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Sat, 13 May


By Zoom

The Peninsula Campaign of 1862

The Virginia Peninsula, situated between the James and York rivers, was recognised as strategically important by both North and South. Join author and historian J. Michael Moore for a lively discussion about the Union's grand offensive against Richmond in the spring of 1862.

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The Peninsula Campaign of 1862
The Peninsula Campaign of 1862

Time & Location

13 May 2023, 13:00 – 15:00 BST

By Zoom

About the Event

Fort Monroe, located at Old Point Comfort at the end of the Virginia Peninsula was only eighty miles from the Confederate capital at Richmond.  On March 17, 1862, the Union Army of the Potomac under Union Major General George McClellan began embarking in Alexandria for the journey to Fort Monroe and Newport News Point.  General McClellan had outflanked the Confederates in Northern Virginia, but his plans were altered due to the Battle of Hampton Roads.  The CSS Virginia blocked the U.S. Navy’s advance up the James River to Richmond, and the York River was protected by shore batteries at Yorktown and Gloucester Point.  McClellan was now forced to make an overland march toward Richmond without reliable maps.  Moreover, Confederate Major General John Bankhead Magruder used the Peninsula’s geography to his advantage for delaying any Union advance up the Virginia Peninsula.  The April 5 – May 4, 1862 Siege of the Warwick-Yorktown Line pitted these two colorful commanders against each other over a Revolutionary War battlefield deploying such modern technologies as aerial observation and improvised explosive devices.  After the Confederates evacuated the Warwick-Yorktown Line on May 4, 1862, the Peninsula Campaign continued with Williamsburg, Seven Pines, and the Seven Days battles.  The Peninsula Campaign ended in frustration for McClellan, and Richmond was not occupied by the Union until April 3, 1865.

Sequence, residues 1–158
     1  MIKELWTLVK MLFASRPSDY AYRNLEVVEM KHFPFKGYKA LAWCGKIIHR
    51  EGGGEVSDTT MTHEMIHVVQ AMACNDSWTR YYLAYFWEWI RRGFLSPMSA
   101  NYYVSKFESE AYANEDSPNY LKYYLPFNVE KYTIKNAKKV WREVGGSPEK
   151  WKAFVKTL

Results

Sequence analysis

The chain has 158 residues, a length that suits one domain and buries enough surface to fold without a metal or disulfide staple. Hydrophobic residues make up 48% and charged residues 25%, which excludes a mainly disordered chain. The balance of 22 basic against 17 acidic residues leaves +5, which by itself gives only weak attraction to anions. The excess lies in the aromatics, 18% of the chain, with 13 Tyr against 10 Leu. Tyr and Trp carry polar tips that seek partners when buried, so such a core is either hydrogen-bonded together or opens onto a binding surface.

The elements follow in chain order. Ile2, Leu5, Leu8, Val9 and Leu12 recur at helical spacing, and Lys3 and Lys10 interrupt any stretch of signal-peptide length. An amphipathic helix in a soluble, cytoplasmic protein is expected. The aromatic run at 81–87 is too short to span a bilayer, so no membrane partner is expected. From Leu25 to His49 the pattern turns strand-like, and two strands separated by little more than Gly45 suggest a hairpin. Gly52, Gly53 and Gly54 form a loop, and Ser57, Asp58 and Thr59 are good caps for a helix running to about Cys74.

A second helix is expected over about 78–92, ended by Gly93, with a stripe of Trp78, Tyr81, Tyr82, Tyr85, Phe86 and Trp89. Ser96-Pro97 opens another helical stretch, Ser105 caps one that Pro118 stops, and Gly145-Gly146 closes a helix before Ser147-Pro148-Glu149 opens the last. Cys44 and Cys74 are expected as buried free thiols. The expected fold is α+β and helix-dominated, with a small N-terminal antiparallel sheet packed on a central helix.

About the Speaker

J. Michael Moore is employed by the City of Newport News and serves as curator for Lee Hall Mansion and Historic Endview. Moore received a bachelor of arts in history from Christopher Newport University and a master of arts in history from Old Dominion University. During his tenure with the City, he has curated exhibits at several local historic sites, developed historic signage, and led battlefield tours in Maryland, North Carolina, Virginia, and West Virginia. Working with the Virginia Department of Historic Resources, he has placed Causey’s Mill, Endview Plantation, Lee’s Mill, and Whitaker’s Mill on the National Register of Historic Places. In addition, Michael is a popular lecturer for CNU’s LifeLong Learning Society. Moore has co-authored two books – The Peninsula Campaign of 1862: A Military Analysis in 2005 and Yorktown’s Civil War Siege: Drums Along the Warwick in 2012. In addition, he has served as the editor and photographic editor for twelve books and written articles for Virginia Cavalcade, North & South, Military Collector & Historian, and Mulberry Island Notes. In recognition of his work in public history, the Governor of Kentucky commissioned Moore a Kentucky Colonel in 2014. He is a Newport News native and resides in Historic Yorktown.



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